Weekend Warrior: Interchange Recycling CEO David Lawes dives into his long history with soccer

The B.C. exec shuffles back-and-forth between recycling oil and managing one of the oldest soccer clubs in Canada

David Lawes’s connection to nature and the outdoors can be traced back to his childhood years in Sidney: he loved riding his bike down Beacon Avenue to catch crabs on the dock and spending frigid Saturday mornings playing soccer outside.

That same interest has influenced his career, too: prior to taking over as CEO of Victoria-based Interchange Recycling (formerly the BC Used Oil Management Association) in 2014, Lawes oversaw recycling and waste management programs at the provincial Ministry of Environment (this was before the ministry added “climate change strategy” to its name). And even before that, one of the first jobs he ever had was working as a fisheries consultant looking at sockeye salmon in remote lakes in B.C.

“I’ve done a lot of fieldwork in the environment,” says Lawes, “and now I’ve really beefed up the business side and got some education around it. I just think it’s so important for everybody to understand this interface between business and  environment.”

Lawes holds a technical diploma in fisheries and aquaculture from Vancouver Island University (1996) and a bachelor’s degree in environmental management from Royal Roads University (1999). He stayed active in the Island’s soccer community throughout his academic years, first as a part of VIU’s college team and later through various leagues and clubs. He found himself on the administrative side a few years ago when he joined the board of the Vancouver Island Soccer League (VISL).

“I’ve been playing for probably close to 50 years,” he says. “Which is kind of crazy, when you think about it.”

Interchange Recycling CEO and Vic West Soccer president David Lawes

In 2020, Lawes became president of one of the oldest soccer clubs in Canada: Victoria West FC. Established in 1896, the adult club (which currently encompasses 11 individual teams with player age sets ranging from 18 to 60+) has won national championships and has been recognized by both the B.C. Soccer Hall of Fame and the Canada Soccer Hall of Fame.

But Lawes couldn’t help but notice it was heading in the wrong direction: “We were getting smaller with fewer teams, and finances were a challenge, so [a group of us] volunteered our time and stepped in to really turn it around. And that’s been nice and fulfilling.”

As president, Lawes handles all the administrative requirements of Vic West and its teams, from decking out the clubhouse with memorabilia to ensuring that the bills get paid, the maintenance gets done and the fields get booked. In 2023, the club won the regional Jackson Cup for the first time in 34 years, in a dramatic match that ended with penalties. “It was a big celebration for all the alumni and a lot of fun to be part of,” Lawes recalls.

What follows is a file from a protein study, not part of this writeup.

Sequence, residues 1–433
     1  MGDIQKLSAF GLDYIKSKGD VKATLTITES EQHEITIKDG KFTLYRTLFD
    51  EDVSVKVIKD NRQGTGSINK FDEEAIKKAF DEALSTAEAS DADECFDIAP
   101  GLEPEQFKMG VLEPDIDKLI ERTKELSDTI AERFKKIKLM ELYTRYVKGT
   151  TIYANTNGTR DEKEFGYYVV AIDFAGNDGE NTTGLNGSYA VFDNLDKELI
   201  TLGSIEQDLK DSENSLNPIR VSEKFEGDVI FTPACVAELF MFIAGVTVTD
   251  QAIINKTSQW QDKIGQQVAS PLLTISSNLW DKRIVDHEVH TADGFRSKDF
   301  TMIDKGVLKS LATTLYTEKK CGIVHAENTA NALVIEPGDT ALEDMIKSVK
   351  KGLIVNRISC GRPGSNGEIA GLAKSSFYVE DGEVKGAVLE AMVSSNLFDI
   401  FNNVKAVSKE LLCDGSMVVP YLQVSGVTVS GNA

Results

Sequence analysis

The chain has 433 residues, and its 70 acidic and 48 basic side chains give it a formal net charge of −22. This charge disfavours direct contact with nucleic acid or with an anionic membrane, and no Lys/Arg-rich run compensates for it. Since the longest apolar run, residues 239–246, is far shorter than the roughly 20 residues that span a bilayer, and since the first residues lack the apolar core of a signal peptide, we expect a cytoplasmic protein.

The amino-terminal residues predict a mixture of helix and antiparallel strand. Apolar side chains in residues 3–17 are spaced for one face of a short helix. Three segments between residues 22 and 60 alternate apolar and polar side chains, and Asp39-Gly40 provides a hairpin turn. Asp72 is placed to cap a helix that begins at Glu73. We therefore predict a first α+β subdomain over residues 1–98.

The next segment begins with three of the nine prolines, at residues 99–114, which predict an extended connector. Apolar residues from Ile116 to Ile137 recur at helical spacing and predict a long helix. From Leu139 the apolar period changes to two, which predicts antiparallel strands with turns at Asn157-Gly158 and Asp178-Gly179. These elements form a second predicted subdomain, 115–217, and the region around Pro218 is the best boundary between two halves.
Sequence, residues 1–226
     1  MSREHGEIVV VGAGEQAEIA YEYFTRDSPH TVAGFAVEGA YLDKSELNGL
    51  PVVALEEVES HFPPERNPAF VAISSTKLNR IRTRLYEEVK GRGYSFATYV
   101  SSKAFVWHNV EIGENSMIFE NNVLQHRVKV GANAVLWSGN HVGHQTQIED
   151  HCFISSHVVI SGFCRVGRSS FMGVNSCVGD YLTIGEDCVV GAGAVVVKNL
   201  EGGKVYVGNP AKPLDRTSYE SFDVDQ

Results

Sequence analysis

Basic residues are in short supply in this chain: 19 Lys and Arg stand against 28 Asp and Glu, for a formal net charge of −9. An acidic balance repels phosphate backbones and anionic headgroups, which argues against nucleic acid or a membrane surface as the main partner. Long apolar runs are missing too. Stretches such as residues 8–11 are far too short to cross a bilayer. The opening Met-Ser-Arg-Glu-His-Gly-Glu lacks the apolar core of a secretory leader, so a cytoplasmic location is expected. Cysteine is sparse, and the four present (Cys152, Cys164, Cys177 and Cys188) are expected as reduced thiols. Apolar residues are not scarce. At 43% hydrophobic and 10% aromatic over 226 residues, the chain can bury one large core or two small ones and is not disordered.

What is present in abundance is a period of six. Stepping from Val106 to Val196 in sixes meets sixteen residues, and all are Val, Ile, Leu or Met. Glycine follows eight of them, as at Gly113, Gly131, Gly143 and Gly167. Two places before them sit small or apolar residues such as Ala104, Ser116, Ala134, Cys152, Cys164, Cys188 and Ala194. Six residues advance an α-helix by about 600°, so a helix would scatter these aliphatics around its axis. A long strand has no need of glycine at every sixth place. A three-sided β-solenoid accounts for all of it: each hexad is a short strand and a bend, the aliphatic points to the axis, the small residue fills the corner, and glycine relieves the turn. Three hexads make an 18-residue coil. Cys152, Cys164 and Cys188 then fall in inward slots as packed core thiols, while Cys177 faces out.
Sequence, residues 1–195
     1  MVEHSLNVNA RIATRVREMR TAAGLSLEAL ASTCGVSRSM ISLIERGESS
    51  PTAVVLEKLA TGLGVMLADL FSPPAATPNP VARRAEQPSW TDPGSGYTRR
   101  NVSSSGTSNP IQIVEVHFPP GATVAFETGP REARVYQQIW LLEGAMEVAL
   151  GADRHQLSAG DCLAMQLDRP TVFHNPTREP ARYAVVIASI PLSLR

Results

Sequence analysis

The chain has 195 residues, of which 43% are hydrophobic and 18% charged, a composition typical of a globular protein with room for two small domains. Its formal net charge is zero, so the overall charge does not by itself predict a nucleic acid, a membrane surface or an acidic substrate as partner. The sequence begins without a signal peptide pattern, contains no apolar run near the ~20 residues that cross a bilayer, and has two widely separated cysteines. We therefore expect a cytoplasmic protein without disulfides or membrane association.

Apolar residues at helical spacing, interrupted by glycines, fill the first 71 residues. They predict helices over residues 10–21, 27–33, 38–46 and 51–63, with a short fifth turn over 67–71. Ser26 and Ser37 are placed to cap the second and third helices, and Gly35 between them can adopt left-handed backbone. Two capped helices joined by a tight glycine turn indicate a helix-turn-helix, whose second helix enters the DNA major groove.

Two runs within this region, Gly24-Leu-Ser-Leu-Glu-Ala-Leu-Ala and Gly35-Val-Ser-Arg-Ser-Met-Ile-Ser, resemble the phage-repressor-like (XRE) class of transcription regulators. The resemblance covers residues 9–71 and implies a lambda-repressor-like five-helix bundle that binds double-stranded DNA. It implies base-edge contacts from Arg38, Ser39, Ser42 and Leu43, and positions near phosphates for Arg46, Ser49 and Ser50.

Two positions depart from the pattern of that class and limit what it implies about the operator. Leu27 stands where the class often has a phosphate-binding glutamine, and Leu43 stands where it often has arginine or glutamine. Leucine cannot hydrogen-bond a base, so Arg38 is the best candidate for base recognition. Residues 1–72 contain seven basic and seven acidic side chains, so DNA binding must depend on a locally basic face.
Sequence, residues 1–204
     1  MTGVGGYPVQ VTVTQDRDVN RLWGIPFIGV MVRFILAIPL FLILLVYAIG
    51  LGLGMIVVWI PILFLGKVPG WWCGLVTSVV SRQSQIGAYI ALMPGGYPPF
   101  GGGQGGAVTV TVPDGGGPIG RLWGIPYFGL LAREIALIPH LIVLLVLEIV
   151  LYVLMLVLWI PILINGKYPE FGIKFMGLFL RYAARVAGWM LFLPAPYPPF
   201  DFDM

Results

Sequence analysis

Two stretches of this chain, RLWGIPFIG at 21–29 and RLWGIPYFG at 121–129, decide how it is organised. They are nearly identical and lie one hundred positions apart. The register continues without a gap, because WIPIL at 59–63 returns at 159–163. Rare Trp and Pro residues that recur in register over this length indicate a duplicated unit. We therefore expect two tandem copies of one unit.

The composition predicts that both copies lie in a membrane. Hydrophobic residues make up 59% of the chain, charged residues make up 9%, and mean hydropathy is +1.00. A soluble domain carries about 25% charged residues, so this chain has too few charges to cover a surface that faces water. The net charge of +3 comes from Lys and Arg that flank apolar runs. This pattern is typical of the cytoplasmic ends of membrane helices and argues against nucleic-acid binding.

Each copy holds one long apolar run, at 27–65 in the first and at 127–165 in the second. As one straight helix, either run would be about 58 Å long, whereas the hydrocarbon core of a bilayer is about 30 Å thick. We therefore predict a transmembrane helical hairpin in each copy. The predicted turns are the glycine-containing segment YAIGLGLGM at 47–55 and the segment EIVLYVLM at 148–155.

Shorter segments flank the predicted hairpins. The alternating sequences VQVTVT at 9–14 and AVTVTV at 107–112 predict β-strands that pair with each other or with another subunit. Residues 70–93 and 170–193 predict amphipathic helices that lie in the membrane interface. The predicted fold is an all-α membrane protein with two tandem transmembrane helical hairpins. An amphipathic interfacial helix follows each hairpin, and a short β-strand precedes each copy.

He also plays with Vic West H2X (the club’s over-49 team) as a forward: “My teammates joke that there’s no position they can say I play because I like to play them all.”

Interchange Recycling CEO and Vic West Soccer president David Lawes

Office duties can get in the way of passion, as Lawes often travels for work. But he still tries to show up to every match and insists that it’s an exciting time to be CEO: Interchange is evolving and helping more and more manufacturers, retailers and businesses collect and recycle used oil, antifreeze, filters and automotive containers.

“We are expanding beyond the current products,” Lawes adds—that means being able to recycle different types of containers and figuring out how to give other automotive parts (like tires and car batteries) a second life. “We’re also expanding beyond B.C. and into other jurisdictions. This year, we hope to get started in the Yukon and we’re also working with  the U.S.”

With big shifts and moving parts in the business, time on the field feels more necessary than ever. “I talk about this with my soccer friends and none of them want to let it go because once you stop playing, you’ll never get back,” says Lawes. “There’s a little bit of fitness involved, but there’s a whole lot of social. I would call it mental health support, too. You’re busy in your work and day jobs and the soccer field can be our fun outlet to burn off some energy and have some laughs.”

Warrior Spotlight

Victoria-based Interchange Recycling recycles used oil, antifreeze and other automotive products. The not-for-profit celebrated 20 years in business in 2023 and changed its name from the BC Used Oil Management Association to mark a change in the organization’s history: it is now aiming to recycle every fluid container you’d see in an automotive store, says CEO David Lawes, and is growing its services to keep up with evolving automobiles. “The electrification of the fleet is going to mean that our members like Honda are going to need different services in the future than they need today.”